In previous installments I’ve set out the basic beliefs (as I’ve come to savvy them, anyway) concerning predestination, election and foreknowledge of the three most prominent views in the Christian church; Calvinism, Arminianism and Universalism. But to say that every individual mind in each of those camps is unified in their assessments of what the Scriptures teach on those subjects would be a gross misstatement of fact. On the contrary, it would seem to be that if you’re a scholar of the Bible you’re irresistibly inclined to formulate ideas and concepts about certain heavy subjects that will line up in direct conflict with those held by the equally-respected scholar of the Bible sitting next to or across from you. I figure it’s the nature of the beast, so to speak. Yet neither Arminians nor Universalists can come near to matching the profound differences to be found amongst the Calvinists. They have three distinct perspectives that center on what’s called the “logical order of God’s decrees” and the dividing gaps between the competing theories are wide and pretty much chiseled into stone. I must admit that I discovered that wading into the controversy even as a curious observer is an invitation to develop a throbbing migraine. And many, even some Calvinists, consider the whole endeavor to be an unnecessary exercise in chasing one’s tail and highly speculative at best. But in order to have a well-rounded education on predestination, election and foreknowledge a fearless safari into that potentially bewildering jungle of thought can’t be avoided. One must dive in and hope that one’s mind can keep up.
One thing all three have in common is the consensus that the great I AM has a plan. A plan that, evidently, even the angels didn’t know anything about until approximately two millenniums ago. This plan is spelled out by the Apostle Paul in Ephesians 3:8-12; “To me – less than the least of all the saints – this grace was given, to proclaim to the Gentiles the unfathomable riches of Christ and to enlighten everyone about God’s secret plan – a secret that has been hidden for ages in God who has created all things. The purpose of this enlightenment is that through the church the multifaceted wisdom of God should now be disclosed to the rulers and the authorities in the heavenly realms. This was according to the eternal purpose that he accomplished in Christ Jesus our Lord, in whom we have boldness and confident access to God because of Christ’s faithfulness.” And it’s the last sentence, taking up verses 11 & 12, which gave birth to the argument I’m about to expand upon – God’s secret plan. Deciphering that plan can become so complicated and convoluted that I honestly wonder why they bother with it at all but, as the convinced Calvinist Robert Reymond wrote, to them the issue at stake is “one of the most important (and surely one of the most fascinating) topics that Scripture would give any man warrant to study: the nature of the eternal plan of salvation or, more technically, the specific order of the elements in the plan.”
Calvinists in general opine that 21st century Christians ignore delving into the intricacies of God’s plan out of fear that it will erode their certainty of salvation and because it tends to undermine their naïve conceptions of what “free will” really is. However, they insist that such trepidation and concern is unfounded and that a better understanding of what God is up to will only strengthen their faith and trust, not weaken them. They avow that such an investigation will show that God is definitely in charge of all that happens in the universe and that He does, indeed, have a perfect plan that is well under way. In the Calvinist mindset to think that God didn’t have what Paul called an overriding “eternal purpose” is preposterous because to them there was never a moment when the great I AM had a blank mind or a nanosecond in time when all the parts of His plan had not been devised and designed to culminate in Christ being the unrivaled centerpiece around which everything else revolves. Plus they still emphasize that God’s opting to save even one single sinner is a cause for rejoicing because we are all so totally depraved and undeserving of any mercy whatsoever.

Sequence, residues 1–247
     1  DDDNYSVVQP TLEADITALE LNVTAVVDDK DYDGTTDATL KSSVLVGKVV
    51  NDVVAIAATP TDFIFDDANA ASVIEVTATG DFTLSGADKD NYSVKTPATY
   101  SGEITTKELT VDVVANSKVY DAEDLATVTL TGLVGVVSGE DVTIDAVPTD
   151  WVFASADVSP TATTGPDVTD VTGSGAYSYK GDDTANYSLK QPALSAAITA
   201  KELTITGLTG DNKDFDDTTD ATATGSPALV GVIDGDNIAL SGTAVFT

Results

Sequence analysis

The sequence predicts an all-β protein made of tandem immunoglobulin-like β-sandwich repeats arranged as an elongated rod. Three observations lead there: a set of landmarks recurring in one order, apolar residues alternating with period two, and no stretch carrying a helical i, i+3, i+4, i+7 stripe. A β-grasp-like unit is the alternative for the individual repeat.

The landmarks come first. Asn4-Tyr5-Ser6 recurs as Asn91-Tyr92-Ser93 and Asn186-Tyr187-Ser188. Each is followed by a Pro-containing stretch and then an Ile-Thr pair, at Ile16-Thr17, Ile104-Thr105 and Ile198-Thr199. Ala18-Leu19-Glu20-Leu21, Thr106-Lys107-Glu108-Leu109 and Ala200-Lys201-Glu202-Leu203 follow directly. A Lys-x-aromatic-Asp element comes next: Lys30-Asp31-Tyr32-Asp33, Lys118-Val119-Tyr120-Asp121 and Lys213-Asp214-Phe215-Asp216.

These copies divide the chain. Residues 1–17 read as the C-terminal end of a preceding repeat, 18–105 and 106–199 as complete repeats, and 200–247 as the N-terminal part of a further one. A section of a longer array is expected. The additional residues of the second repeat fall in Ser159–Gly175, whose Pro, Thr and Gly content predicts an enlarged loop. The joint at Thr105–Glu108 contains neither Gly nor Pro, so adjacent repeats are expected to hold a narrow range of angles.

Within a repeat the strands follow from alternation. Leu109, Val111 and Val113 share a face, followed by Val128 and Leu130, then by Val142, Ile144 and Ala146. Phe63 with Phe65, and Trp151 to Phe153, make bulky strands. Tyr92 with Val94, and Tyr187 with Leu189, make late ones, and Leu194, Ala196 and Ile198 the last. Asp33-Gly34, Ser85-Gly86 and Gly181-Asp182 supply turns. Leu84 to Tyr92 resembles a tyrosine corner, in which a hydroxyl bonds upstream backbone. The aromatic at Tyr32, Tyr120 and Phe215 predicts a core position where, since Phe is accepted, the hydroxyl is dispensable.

The most liberal of the three positions is Amyraldianism, named after the French theologian Moses Amyraut (1596 – 1664) who, according to some Calvinists, veered dangerously close to Arminianism in some crucial areas. He was fully committed to the particularistic principle (unconditional election) but declared that God, before developing His decree of election, decided that His Son would atone for the sins of all mankind if they believed in Him as the promised Messiah. But upon foreseeing that no person would believe on their own volition, He then picked out a select number of souls that He would (and will) bring to faith in Jesus, thereby preserving His inviolate decree of unconditional election. Amyraut even went so far as to claim that John Calvin advocated universal atonement and that caused quite a stir in the scholarly circles in the era of the Protestant Reformation, as you might imagine. I could go into other areas of conflict but, in order to keep this discussion from bogging down into minutiae, I’ll stick to the five major elements (or decrees) of God’s eternal plan of salvation and how each of the three faces of Calvinism arrange them in a different order from the other two.
The Amyraldian list is:
1. God decreed to create the world and all humans.
2. God decreed that mankind as a whole would fall.
3. God decreed to redeem all men and women via Christ’s work on the cross.
4. God decreed the election of some of the fallen sinners to salvation in Christ and the damnation of others.
5. God decreed to apply Christ’s redemptive benefits to those He elected.